How to Prevent Frozen Pipes This Winter


Winter is coming. Last year, Detroit temperatures reached below 5 degrees Fahrenheit. In areas with extreme temperatures, it’s common for pipes to freeze.

As cold weather approaches, it’s important to learn how to keep your property safe and functional. Wondering how to prevent frozen pipes this winter? Keep reading to find out.

Ways to Prevent Frozen Pipes

When the temperature starts lowering outside, you need to take certain measures to keep your water running and your pipes warm.

Some of the recommendations you’ll read might go against your instinct to conserve heat and water, but the additional cost is much less than the cost of repairing frozen pipes.

Here are the different ways to prevent frozen pipes:

Close Garage Doors

Keeping your garage door closed during the cold season can prevent cool air from getting in and ruining your pipes. This recommendation is especially important if your garage is home to water supply lines.

Additionally, disconnect water hoses outdoors and use the indoor valve to shut off and drain water from pipes that lead to outside faucets. This reduces the chance of freezing by a mile.

Open Cabinet Doors

Opening kitchen and bathroom cabinet doors allows warmer air to circulate in the plumbing system. If your sinks are on an exterior wall, this step is a must.

Let Faucets Drip

Letting cold water drip from the faucets can help prevent the pipes from freezing. Keep faucets barely running overnight, especially if sinks are on an outside wall.

Use Heat Cables or Heat Tape

Thermostatically controlled heat cables or heat tape can be used to wrap pipes and prevent freezing. Make sure the products you use are approved by an independent testing organization.

Make sure to only use cables or tape as intended, they will either be made for interior or exterior use. Follow installation instructions from the manufacturer to ensure best results.

Seal Leaks

Leaks allow cold air to get inside pipes and causes them to freeze. Locate these leaks and thoroughly seal them.

Check for leaks around dryer vents, electrical wiring, and pipes. If you find leaks, use caulk or or insulation to keep out the cold.

You can also seal cracks, window openings, and sill plates, to prevent drafts that can cool rooms and cause freezing.

Adjust the Thermostat

Keeping the thermostat set to the same temperature during the day and night. This can help reduce the risk of frozen pipes and can even reduce furnace strain.

If you are leaving your home for a period of days, leave the heat on while you are gone. The temperature should be set no lower than 55 degrees Fahrenheit.

For extra protection, you can shut off the water system and drain it before you leave your home for a winter vacation.

Insulate Your Pipes

The best long-term solution for preventing frozen pipes is to insulate them. Add insulation to basements, crawl spaces, and attics.

Pipe insulation in these areas offer better protection for your pipes. Insulation maintains higher temperatures in the home.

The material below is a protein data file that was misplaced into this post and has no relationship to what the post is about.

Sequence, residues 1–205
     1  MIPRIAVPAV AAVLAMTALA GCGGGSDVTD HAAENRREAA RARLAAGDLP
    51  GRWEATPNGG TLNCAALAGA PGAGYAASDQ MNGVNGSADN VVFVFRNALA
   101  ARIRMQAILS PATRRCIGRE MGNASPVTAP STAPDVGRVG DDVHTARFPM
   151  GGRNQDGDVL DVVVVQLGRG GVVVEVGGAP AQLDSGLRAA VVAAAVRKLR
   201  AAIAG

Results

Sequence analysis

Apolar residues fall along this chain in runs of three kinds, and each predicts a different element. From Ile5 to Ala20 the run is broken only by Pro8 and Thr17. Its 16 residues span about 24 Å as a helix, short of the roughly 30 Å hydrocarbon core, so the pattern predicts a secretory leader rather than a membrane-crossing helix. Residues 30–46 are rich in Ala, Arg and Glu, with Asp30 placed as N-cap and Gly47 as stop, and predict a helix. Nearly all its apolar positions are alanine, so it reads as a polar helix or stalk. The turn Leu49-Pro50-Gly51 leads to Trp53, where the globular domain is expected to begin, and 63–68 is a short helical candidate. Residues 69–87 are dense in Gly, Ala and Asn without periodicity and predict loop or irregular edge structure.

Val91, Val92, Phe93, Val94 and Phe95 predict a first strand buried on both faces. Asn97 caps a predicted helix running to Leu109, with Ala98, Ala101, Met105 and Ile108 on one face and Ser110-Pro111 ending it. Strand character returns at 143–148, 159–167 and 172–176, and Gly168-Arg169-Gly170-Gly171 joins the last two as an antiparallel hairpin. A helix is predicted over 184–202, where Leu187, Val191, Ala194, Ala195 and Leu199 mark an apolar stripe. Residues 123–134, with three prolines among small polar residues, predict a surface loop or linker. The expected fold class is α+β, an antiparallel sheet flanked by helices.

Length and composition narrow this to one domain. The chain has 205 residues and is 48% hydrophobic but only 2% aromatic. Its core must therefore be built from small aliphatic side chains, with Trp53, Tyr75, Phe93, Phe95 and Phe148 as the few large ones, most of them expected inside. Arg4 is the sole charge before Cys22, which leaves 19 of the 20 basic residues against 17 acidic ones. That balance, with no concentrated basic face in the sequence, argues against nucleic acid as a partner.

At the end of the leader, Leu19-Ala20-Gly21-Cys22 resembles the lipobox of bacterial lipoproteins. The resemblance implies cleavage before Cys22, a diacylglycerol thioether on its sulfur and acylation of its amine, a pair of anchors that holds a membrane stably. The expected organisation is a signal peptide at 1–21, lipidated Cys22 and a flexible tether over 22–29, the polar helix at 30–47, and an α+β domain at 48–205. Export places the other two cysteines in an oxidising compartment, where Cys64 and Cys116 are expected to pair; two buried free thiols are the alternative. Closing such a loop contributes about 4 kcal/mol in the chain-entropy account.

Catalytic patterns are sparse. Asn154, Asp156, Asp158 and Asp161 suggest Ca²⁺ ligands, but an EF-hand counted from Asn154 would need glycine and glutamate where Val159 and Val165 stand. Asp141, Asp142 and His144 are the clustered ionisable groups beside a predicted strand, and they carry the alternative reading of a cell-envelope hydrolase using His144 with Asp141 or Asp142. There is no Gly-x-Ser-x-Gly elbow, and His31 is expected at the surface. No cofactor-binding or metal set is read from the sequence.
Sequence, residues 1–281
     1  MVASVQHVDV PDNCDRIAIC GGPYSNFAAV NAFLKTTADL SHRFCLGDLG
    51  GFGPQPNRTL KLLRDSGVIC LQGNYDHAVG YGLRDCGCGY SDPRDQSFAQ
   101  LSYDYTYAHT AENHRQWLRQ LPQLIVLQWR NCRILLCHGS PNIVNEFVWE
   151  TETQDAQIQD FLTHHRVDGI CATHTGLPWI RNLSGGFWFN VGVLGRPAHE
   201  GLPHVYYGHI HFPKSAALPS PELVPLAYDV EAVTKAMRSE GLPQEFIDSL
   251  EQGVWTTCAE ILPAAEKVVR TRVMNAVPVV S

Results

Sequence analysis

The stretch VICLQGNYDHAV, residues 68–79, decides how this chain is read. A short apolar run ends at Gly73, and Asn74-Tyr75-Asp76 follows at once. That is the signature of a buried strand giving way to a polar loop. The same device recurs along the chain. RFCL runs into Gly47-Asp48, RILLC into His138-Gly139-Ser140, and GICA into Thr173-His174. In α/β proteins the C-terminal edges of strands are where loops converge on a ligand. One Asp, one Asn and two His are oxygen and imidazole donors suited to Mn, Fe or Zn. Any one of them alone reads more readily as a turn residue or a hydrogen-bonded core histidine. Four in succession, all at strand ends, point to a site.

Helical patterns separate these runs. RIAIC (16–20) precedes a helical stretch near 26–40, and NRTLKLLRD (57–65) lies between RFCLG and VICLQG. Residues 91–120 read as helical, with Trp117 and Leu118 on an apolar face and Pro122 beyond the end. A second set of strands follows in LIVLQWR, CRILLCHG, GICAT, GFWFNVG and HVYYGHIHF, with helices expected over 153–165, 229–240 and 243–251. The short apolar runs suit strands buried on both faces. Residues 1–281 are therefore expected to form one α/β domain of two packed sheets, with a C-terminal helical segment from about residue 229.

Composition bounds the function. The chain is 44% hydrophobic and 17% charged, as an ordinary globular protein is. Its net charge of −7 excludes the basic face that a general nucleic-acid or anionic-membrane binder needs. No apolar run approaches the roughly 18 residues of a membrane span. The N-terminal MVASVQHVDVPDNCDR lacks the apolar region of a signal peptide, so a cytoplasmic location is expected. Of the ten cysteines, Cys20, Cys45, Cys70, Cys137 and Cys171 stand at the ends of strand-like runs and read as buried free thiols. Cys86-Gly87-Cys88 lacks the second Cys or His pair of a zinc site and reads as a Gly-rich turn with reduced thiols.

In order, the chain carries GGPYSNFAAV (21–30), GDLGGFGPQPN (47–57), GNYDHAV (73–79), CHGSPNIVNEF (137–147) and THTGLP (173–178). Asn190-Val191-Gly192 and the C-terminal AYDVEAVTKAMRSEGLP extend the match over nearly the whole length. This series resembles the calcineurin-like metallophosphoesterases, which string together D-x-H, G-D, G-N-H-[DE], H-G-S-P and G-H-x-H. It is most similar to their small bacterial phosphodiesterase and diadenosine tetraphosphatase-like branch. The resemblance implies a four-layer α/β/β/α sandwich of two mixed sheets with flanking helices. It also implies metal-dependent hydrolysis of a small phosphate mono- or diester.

What to Do About Frozen Pipes

Even if you follow the best practices, there is a chance that your pipes still freeze. If you turn on a faucet and only a trickle of water comes out, you might have a frozen pipe.

Here’s what you can do to thaw frozen pipes:

Apply Heat to the Pipe

There are different heating devices safe to use to thaw out a frozen pipe. For example, the following are great sources of heat:

  • Electric heating pad
  • Electric hair dryer
  • Towels soaked in hot water
  • Portable space heater (keep away from flammable materials)

Any device with an open flame should not be used. Not only is this dangerous, but high heat can cause pipe damage and may lead to a fire.

Keep applying heat to the pipe until your faucets are running at full speed. Check all faucets around the home to make sure you don’t have additional frozen pipes.

It’s common for multiple pipes to freeze when one freezes.

Turn on Faucets

While you are heating up your frozen pipes, it’s smart to turn on the affected faucets. As you heat the pipes, the ice plug will melt allowing water to flow through.

You’ll be able to tell when your water is restored to full water pressure and running water through the pipes can help melt the ice down.

Call a Professional

There are different risks of frozen pipes. For one, if you suspect frozen pipes and attempt to thaw them out on your own, you could be left with a flooded home.

If the pipe bursts and freezes, the water will come flowing out once you unfreeze the pipe. A professional plumber can prevent this problem.

A licensed plumber is trained to locate the frozen pipe area if you are unable to find it. They can also thaw the pipes and access different areas of the home that might be inaccessible to you.

Learning how to fix frozen pipes takes a while which is why you should always call professionals even if the problem seems minor.

Do You Need a Plumber?

If you want to prevent frozen pipes when the weather is unforgiving, follow the tips in this guide. If you suspect that you have one or more frozen pipes, it’s best to call a plumber.

Plumbers know how to check for frozen pipes and can fix them without causing additional damage to your home.

Do you have frozen pipes? Contact us today to request an appointment or to receive expert advice.